And that's the context in which Operation Marigold exists — an attempt at peace dated to 1966. As far as anyone knows, this whole thing stemmed from an organization known as the ICC, meant to monitor compliance with the Geneva Accords and chaired by countries neutral in the Vietnam War. Polish diplomat Janusz Lewandowski essentially became an intermediary between the U.S. and North Vietnam, and in June, the possibility of peace talks seemed very real. But for some reason, that channel disappeared, and for reasons just as mysterious as those behind its creation. The U.S. proceeded to blame the Polish government for lying about the possibility of peace, calling their credibility into question.

But here's the thing: later investigations indicated that Operation Marigold was a very real possibility, and the North Vietnamese were actually open to the idea of peace. The Johnson Administration squandered their chances, and the reasons may never be known. An unnamed associate of the president has even been reported saying that the public would never find out, because it would be a stain on the government's reputation.

Saigon's haunted apartment building

During the Vietnam War, the U.S. needed a place for its soldiers to live, and the military ended up looking towards an apartment building located at 727 Tran Hung Dao. Originally, the tower was built in 1960 and commissioned by a millionaire, but there was something a bit disconcerting with it from the start: the fact it had 13 floors. Despite warnings from the architect, plans didn't change, and as the 13th floor was completed, strange accidents began to plague the workers. A local shaman was brought in to cleanse the building, with customs saying that burying dead bodies at each corner would keep it safe from any spiritual intruders.

The U.S. Army came and went as the timeline of the Vietnam War ran its course, but the strange stories have persisted even long after the American soldiers left. To this day, residents of the building have reported strange and scary goings ons. Sometimes, they hear whispers and voices around the halls; at other times, they've heard sounds that resemble those of a military parade. Perhaps most disturbingly, they've even claimed to hear screams. But the haunting isn't confined to only audio phenomena, with residents describing a couple of spirits that walk the halls: an American soldier holding hands with his Vietnamese girlfriend.

Of course, there's no way to explain these apparent hauntings, and it's certainly not helped by the fact that the nearly abandoned building itself is falling apart.

The last POW of Vietnam

The POW situation surrounding the Vietnam War really is a complicated one, with plenty of mysteries surrounding those who went missing in action. The story of Vietnam's last POW is no exception to that; in fact, it's actually something of a particularly odd story.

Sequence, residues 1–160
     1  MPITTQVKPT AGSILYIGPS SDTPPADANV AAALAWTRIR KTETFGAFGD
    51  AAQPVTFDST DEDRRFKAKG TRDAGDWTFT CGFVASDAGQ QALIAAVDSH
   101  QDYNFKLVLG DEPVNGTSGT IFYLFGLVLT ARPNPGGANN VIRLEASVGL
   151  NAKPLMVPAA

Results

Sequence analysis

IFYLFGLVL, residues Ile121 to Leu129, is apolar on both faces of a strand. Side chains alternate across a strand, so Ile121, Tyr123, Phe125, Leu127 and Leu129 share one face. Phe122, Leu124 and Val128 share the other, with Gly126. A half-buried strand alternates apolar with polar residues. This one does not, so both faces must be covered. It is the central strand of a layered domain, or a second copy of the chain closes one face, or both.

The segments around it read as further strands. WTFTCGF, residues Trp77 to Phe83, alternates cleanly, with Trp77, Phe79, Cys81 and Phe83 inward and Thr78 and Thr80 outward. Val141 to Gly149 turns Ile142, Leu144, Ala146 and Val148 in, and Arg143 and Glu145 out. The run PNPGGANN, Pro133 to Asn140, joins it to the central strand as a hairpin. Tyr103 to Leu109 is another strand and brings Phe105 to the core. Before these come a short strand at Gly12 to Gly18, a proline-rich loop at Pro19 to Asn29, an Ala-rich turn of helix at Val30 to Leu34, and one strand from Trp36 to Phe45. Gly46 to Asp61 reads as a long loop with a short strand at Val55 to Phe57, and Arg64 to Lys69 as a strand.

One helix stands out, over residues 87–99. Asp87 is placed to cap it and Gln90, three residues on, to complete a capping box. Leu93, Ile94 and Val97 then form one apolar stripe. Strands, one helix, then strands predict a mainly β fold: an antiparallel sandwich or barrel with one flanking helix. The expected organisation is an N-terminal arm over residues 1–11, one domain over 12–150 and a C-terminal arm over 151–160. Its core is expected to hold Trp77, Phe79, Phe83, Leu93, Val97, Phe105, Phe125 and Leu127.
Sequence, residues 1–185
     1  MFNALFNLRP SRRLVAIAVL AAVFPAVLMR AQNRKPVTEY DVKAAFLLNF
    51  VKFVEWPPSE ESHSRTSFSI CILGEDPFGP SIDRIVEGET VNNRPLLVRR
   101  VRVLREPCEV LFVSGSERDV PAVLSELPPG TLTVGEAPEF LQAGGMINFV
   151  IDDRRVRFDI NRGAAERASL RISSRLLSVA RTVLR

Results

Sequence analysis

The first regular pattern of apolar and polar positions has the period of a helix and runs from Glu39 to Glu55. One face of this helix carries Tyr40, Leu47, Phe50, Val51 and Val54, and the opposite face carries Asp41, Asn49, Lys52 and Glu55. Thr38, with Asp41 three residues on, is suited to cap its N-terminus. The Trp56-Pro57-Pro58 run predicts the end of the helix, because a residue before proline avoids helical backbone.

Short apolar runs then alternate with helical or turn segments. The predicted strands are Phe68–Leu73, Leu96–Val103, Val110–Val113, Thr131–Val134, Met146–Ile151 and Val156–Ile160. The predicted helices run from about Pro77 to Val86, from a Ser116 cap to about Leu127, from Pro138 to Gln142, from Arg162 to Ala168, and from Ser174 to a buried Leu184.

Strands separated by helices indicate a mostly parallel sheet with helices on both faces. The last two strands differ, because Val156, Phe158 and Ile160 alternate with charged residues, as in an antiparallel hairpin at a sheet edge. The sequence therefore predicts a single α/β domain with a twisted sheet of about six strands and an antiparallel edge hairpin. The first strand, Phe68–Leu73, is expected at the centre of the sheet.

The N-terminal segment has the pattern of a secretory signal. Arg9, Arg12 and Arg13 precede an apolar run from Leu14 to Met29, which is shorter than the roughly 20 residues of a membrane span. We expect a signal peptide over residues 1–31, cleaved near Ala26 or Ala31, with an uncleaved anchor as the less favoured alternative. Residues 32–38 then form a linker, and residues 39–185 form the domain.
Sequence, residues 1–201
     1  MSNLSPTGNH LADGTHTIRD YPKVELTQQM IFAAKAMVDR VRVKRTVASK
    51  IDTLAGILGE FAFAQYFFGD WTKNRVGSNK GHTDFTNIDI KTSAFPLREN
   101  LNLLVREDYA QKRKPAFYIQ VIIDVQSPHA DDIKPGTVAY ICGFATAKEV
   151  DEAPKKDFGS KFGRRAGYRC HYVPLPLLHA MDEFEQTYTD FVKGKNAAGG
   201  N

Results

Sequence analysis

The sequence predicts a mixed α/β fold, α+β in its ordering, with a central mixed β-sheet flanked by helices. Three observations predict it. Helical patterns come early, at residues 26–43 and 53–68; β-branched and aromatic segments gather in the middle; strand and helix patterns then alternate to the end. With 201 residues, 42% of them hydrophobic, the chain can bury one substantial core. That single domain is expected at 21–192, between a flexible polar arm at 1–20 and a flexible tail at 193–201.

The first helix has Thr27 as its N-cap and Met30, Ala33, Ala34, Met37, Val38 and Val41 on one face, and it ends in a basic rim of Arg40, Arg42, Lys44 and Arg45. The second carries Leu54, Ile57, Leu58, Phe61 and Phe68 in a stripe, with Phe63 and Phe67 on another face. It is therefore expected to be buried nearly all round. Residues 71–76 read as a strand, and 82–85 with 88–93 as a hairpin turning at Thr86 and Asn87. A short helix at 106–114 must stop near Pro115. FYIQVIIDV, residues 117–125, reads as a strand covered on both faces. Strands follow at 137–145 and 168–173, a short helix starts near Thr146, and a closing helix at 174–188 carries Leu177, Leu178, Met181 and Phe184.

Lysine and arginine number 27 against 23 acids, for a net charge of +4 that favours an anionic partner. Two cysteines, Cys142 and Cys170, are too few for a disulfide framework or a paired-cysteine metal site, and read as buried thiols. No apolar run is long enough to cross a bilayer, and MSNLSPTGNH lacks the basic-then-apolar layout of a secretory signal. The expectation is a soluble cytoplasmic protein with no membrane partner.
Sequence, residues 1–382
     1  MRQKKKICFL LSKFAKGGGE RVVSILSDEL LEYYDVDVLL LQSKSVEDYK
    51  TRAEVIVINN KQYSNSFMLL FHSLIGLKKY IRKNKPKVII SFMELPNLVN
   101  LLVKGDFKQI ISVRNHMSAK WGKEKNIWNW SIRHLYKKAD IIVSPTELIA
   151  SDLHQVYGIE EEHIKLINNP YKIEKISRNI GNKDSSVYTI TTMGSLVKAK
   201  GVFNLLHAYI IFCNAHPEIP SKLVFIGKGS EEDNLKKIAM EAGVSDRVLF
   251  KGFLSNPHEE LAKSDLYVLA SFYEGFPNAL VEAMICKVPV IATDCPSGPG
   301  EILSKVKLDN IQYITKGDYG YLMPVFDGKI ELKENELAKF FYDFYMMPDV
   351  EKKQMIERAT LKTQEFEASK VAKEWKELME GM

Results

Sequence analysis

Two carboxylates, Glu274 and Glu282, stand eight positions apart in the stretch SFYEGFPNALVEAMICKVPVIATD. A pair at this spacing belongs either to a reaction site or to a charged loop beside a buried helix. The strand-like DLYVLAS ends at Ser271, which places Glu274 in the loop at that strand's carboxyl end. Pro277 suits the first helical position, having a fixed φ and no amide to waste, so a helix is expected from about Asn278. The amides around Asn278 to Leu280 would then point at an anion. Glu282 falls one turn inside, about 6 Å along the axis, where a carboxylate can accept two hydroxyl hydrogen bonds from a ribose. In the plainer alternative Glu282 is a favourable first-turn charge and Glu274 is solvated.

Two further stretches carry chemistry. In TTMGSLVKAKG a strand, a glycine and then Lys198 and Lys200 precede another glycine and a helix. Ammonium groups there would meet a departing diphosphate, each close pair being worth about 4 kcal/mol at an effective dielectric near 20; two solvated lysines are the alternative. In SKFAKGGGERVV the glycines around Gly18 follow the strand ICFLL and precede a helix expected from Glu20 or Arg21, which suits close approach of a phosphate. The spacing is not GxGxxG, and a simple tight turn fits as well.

Charles Shelton was a pilot tasked with flying secret reconnaissance missions during the war, specifically operating over Laos. On April 26, 1965, he was sent out on a mission, and three days later, his plane was shot down, and he was captured six days later. Shelton's family was sent a package of a few personal effects — objects that you'd think were on his person when the plane went down (an indication that this was likely a black ops mission the military didn't want anyone learning about). It became clear to them that he wouldn't be getting much help, and all they had to go on were occasional stories that he was still alive. But as the war drew to a close, his family assumed that meant he would come home with all of the other POWs.

Except he wasn't. On the contrary, his name was on the list of those believed to be killed in action, and official reports soon said that no other soldiers were returning from southeast Asia. His family refused to give up hope, and they eventually recovered documents that made some startling claims. Despite those official reports, there had been confirmed sightings of Shelton as late as 1985, decades after his plane originally crashed.

The rock apes of the jungle

Life for a soldier in the Vietnam War was pretty rough, and spending a bunch of time in the heat amid conflict would be reason enough to explain some odd sightings. But when it comes to the reported sightings of so-called "rock apes," well, it's hard to ignore the fact that a bunch of soldiers — both American and Vietnamese — reported this particular mystery.

So what exactly were these soldiers seeing? Particularly around the Sơn Trà Peninsula, many soldiers reported being attacked by mysterious creatures — called batututs or "jungle people" in Vietnam — described as being somewhat humanoid in appearance, save their 5-inch-long fangs and ape-like facial features. They stood around 6 feet tall and were typically pretty calm, easily navigating around the rocky terrain, until the soldiers attacked them, which incited them to hurl rocks back in retaliation.

No one knew what these creatures were, nor has anyone ever taken a picture of these rock apes. No bodies have been found, either. Officials on both sides of the war were left scratching their heads about what their soldiers were seeing, with a Vietnamese general even ordering an official expedition to catch one in 1974 (which proved unsuccessful). Scientists chimed in, too, considering various species of apes and monkeys, only to come up empty on viable explanations; none of those animals actually lived in the jungles of Vietnam. In the end, everyone has just had to settle for this complete lack of answers, with the rock apes joining the ranks of famous cryptids.